Our discovery may not represent a unique example in the evolution of the dynamin family. Both T. thermophila Drp6p and Homo sapiens MxB are targeted to nuclear pores, but the functional relationship between the two proteins remains to be investigated. Moreover, the phylogenetic relationship is also ambiguous, because both are at the ends of long branches in a relatively bare region of the tree where some important branch nodes have intermediate bootstrap values. However, the phylogeny may become more robust as more protist genomes are sequenced. Future analysis may therefore reveal that Drp6p and MxB were independently recruited to play similar roles. Another potential example comes from VPS1, a S. cerevisiae DRP involved in vacuolar protein sorting, which is phylogenetically linked with mitochondrial DRPs (see Figure 8). However, interpreting the phylogeny of VPS1 is complicated because both it and mammalian DLP1, a “mitochondrial” DRP, also function in peroxisomal division [4850]. Additionally, no mammalian dynamin or DRP has been clearly demonstrated to be functionally equivalent to VPS1. In this case, therefore, the issue of functional convergence is unresolved.

An unresolved issue, not accounted for in the phylogenetic analysis, is the existence of classical dynamins with PRDs and PH domains in Arabidopsis. However, their relationship to metazoan dynamins is currently ambiguous, because the plant proteins are strikingly diverged in sequence, including within the otherwise strictly conserved catalytic GTPase motifs, and their roles are not yet clear [21]. Another informative lineage may be that of Dictyostelium discoideum, where disruption of a DRP gene resulted in pleiotropic defects in organelle morphology, cytokinesis, and endocytosis [51].

Mechanism of Dynamin Function in Endocytosis

The role of Drp1p in endocytosis was also unexpected because the Tetrahymena protein lacks two domains important for the activity of classical dynamin. The absence of a PRD in Drp1p suggested that Drp1p's function does not depend upon actin recruitment. While essential for endocytosis in S. cerevisiae, actin appears to have a less critical role in animal cells [35], although recent work suggests some role for actin at several stages of vesicle formation [52]. In Tetrahymena, neither cytB nor latrunculin A, at levels that completely blocked phagocytosis, had a discernible effect upon FM1–43 internalization. We note, however, that this organism appears to encode at least four actin genes, whose sequences are highly divergent for such an otherwise highly conserved protein (unpublished data). Therefore, we cannot rule out that some actin isoforms, resistant to these agents, may be involved.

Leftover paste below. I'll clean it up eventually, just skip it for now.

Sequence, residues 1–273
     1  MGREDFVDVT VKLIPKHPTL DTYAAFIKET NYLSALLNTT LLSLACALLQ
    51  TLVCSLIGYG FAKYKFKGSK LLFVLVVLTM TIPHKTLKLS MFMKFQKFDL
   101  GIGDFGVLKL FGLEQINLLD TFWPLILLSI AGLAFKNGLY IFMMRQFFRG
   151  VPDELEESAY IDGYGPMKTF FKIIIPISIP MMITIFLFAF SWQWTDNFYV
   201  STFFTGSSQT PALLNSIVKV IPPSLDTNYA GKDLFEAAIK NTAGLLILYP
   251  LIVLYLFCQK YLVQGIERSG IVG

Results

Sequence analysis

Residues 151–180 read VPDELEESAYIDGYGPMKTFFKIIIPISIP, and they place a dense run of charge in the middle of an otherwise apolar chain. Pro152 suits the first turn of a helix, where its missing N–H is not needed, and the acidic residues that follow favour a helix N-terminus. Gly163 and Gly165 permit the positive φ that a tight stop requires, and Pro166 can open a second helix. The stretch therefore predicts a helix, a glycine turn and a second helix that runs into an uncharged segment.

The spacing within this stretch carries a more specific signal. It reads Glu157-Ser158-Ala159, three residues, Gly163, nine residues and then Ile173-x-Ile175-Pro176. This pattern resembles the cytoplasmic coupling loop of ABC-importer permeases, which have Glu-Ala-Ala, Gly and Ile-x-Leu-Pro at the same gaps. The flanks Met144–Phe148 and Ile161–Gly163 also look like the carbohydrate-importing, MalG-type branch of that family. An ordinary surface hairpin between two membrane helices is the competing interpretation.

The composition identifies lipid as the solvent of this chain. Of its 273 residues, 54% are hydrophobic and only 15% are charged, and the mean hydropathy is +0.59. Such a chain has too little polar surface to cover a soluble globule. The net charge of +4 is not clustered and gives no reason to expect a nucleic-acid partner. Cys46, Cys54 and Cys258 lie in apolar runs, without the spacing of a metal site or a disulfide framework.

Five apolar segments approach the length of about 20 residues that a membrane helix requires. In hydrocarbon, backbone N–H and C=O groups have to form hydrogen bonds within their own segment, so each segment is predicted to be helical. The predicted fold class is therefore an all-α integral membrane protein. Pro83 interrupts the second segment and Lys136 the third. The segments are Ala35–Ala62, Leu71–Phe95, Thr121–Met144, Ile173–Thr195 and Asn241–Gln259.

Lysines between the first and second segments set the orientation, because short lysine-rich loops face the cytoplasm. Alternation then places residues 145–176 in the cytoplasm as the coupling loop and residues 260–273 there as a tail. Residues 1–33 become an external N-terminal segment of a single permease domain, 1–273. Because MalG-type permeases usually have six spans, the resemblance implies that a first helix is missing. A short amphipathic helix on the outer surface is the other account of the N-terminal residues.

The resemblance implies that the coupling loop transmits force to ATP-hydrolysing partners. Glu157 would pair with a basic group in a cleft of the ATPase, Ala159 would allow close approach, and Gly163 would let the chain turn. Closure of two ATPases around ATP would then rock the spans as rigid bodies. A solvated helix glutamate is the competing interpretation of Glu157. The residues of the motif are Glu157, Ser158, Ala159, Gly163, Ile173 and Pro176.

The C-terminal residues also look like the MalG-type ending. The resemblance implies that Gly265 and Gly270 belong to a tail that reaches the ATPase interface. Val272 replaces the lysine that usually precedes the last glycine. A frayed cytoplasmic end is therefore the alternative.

Also missing in Drp1p, but present in classical dynamins, is the PH domain. To determine how Drp1p is targeted in its absence, we characterized additional Tetrahymena DRP family members to identify a paralog suitable for constructing informative chimeras. The Tetrahymena genome contains eight DRP genes, an unusually large number when compared to other unicellular organisms. Similarly, the genome of Paramecium appears to contain nine DRP genes. The apparent lineage-specific expansion of this gene family may reflect the elaborate endomembrane system of ciliates [53]. To our surprise, a GFP-tagged DRP in Tetrahymena, Drp6p, targeted to the nuclear envelope. This distinct localization combined with structural similarity provided us with a partner for chimera analysis.

Analysis of a set of DRP1-DRP6 chimeras demonstrated that localization depended on the two C-terminal domains of the protein. The more important was the DTD, because this domain by itself gave partial localization. Based on its location in the primary sequence, the DTD is likely to occupy the same position as the PH domain in classical dynamin, also involved in localization. The DTD shows no sequence similarity to a PH domain, however. It is unlikely to represent a functional PH domain diverged to the point of being unrecognizable, because highly conserved PH domains are easily recognized in other Tetrahymena genes (unpublished data). These observations are consistent with the hypothesis of independent innovation of ciliate and metazoan endocytic dynamins but are challenging to reconcile with a model based on shared derivation and multiple losses in other lineages.

Our results on targeting determinants are similar, but not identical, to those from a similar domain-swapping approach in a study of dynamin-2 and a mitochondrial DRP, DLP1, in mammalian cells [54]. In that study, DLP1 targeting required determinants in the C-terminal domains but also in the middle domain. Because the middle domain is involved in self-assembly, this requirement suggested that localization involves motifs whose affinity is too low, in the monomeric state, for effective targeting. Consistent with this idea, we found that the DTDs and GEDs of Drp1p were targeted to endocytic sites only in the context of the holo-protein. However, and unlike DLP1, targeting was efficient even if the middle domain came from Drp6p. One possibility is that the chimera containing the Drp6p middle domain in a Drp1p backbone undergoes efficient self-assembly, in a way that is not possible for the corresponding domains in DLP1 and dynamin-2. This difference in interchangeability is not, however, supported by the sequences themselves, because Drp1p and Drp6p appear more unrelated than DLP1 and dynamin-2. A second possibility is that Drp1p targeting does not require self-assembly. This issue, as well as the mechanism of targeting, will be clarified in future studies.